The system displays the minimum payment and estimated delivery time for each block, so that users can decide whether to accept it or not. Delivery partners get their pay on a weekly basis.

Deliveroo Brings A Last Mile Subscription Model To Food Delivery

Just like retailers, food delivery companies appreciate the need to provide a better customer experience, and induce consumers to spend more. That’s why the on-demand food delivery service Deliveroo has launched a subscription scheme called Deliveroo Plus in Australia, which gives users unlimited free delivery for a monthly fee.

Under the scheme, users pay a flat fee of A$18.99 (US$13.58) a month (about US$163 per year) to use the platform, instead of paying for each delivery. Currently, the company charges customers A$3.00 (US$2.14) per delivery. A company statement maintains that, “Customers who sign up could save up to A$25 [US$17.87] or more a month in delivery fees if they order from the platform regularly and will have access to special deals and discounts from their favourite food providers.”

Deliveroo has been testing the service in selected suburbs of Sydney before the official launch. Deliveroo’s subscription service is already active in Singapore (S$14.90 per month [US$11.00]) and Britain (£11.49 per month [US$15.05]), and has just launched in Italy (€9.99 per month [US$11.30]). So the model is a viable one.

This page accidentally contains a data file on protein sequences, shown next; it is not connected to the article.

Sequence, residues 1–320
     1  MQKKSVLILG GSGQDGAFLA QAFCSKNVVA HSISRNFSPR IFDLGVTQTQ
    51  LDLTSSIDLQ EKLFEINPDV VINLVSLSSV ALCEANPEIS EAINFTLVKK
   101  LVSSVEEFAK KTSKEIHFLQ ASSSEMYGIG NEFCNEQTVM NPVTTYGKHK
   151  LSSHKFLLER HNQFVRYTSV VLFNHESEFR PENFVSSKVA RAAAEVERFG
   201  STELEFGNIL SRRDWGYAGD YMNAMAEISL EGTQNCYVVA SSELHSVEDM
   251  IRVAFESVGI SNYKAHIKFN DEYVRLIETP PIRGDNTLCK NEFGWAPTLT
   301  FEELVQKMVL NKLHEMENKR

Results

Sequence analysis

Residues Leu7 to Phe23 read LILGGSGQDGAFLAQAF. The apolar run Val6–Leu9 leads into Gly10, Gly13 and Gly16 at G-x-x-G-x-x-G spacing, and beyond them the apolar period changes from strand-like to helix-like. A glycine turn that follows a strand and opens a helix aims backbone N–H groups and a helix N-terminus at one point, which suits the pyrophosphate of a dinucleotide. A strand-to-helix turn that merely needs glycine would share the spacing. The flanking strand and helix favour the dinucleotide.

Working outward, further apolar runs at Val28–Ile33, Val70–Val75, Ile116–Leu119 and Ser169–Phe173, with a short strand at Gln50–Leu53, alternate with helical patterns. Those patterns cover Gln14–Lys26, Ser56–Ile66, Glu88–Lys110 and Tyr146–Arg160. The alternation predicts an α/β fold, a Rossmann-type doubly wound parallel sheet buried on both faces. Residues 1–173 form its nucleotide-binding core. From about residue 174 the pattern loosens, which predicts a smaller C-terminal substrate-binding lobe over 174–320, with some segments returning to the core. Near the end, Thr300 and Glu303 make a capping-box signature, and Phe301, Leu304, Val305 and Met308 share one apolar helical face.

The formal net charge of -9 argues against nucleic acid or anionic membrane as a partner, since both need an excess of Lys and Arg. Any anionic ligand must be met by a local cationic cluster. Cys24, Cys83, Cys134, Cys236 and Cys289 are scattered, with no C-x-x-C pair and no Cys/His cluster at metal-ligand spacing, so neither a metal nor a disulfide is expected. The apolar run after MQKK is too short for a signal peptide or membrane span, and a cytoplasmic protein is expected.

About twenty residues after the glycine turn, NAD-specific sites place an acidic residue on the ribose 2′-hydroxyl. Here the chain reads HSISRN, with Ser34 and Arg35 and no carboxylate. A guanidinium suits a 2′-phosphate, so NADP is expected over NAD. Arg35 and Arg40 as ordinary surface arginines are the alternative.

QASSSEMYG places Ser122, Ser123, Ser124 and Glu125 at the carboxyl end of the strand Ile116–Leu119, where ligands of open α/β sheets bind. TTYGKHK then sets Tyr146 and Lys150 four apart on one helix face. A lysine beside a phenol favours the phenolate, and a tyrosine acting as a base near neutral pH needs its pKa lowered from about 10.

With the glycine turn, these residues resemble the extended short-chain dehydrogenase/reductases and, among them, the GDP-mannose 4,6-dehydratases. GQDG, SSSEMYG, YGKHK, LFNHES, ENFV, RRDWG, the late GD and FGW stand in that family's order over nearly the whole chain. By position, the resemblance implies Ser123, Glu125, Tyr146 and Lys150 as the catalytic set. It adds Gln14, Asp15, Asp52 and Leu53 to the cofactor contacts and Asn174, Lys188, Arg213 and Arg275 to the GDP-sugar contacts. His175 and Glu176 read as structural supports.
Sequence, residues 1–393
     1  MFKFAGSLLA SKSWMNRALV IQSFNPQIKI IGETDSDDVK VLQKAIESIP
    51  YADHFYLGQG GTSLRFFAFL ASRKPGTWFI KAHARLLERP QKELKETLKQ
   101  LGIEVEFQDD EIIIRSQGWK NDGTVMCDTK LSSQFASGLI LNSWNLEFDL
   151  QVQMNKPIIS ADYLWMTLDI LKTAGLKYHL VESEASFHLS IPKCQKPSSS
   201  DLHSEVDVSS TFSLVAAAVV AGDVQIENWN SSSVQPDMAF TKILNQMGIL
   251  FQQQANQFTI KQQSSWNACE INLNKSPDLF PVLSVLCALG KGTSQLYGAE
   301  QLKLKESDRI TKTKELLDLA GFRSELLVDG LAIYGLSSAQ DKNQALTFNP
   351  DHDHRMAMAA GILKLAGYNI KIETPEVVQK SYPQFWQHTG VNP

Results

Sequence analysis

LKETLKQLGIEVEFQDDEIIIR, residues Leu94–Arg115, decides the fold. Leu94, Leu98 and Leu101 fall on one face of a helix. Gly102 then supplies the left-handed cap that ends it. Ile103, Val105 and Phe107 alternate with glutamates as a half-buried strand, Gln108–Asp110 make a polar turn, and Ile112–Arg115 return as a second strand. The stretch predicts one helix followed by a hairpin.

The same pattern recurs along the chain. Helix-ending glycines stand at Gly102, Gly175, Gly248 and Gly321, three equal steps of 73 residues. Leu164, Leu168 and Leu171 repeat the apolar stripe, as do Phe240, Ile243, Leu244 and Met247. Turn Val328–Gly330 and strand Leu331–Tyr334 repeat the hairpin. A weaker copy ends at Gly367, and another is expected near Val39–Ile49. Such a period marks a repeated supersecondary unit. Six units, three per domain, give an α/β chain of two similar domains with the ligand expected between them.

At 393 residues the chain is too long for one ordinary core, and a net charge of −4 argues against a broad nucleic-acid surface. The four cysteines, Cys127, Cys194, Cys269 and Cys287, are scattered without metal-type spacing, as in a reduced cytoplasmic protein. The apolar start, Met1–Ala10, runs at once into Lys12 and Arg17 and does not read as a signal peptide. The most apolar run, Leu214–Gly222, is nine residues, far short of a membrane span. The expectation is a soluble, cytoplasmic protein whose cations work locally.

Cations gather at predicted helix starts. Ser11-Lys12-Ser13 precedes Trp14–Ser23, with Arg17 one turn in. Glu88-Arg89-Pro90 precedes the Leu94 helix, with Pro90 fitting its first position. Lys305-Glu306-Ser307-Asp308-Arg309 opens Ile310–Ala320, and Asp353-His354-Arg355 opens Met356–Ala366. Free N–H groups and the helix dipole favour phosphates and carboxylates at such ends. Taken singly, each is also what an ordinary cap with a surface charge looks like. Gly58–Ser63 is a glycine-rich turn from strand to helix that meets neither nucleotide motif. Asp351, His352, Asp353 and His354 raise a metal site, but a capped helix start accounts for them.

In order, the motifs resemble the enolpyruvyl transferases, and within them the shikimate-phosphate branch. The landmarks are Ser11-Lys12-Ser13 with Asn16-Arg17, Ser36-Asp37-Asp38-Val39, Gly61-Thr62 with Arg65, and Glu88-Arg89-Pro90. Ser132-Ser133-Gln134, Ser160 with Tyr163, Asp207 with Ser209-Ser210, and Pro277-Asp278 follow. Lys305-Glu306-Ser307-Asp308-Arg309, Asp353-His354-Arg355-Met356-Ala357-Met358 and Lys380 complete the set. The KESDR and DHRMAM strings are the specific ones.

However, with over 6,500 self-employed riders and links with more than 8,000 restaurants in Australia, Deliveroo Plus may need to lower its subscription rates or provide additional discounts and privileges to attract a user base large enough to make it profitable.

Benefits Of Winning The Last Mile

Whichever model you choose, optimising last mile delivery offers a considerable competitive advantage. Achieving same-day delivery and using mobile technology to enable consumers to specify their preferred times and places for receiving goods - and for tracking the status of their orders - makes for a greatly improved customer experience. And this in turn leads to more sales, a reduction in complaints, and greater operational efficiency.

Last mile delivery and fulfilment options will be hot topics at eTail Australia 2020, which takes place from 13-15 October, 2020, at the Sydney Harbour Marriott, Australia.

Download the agenda today for more information and insights.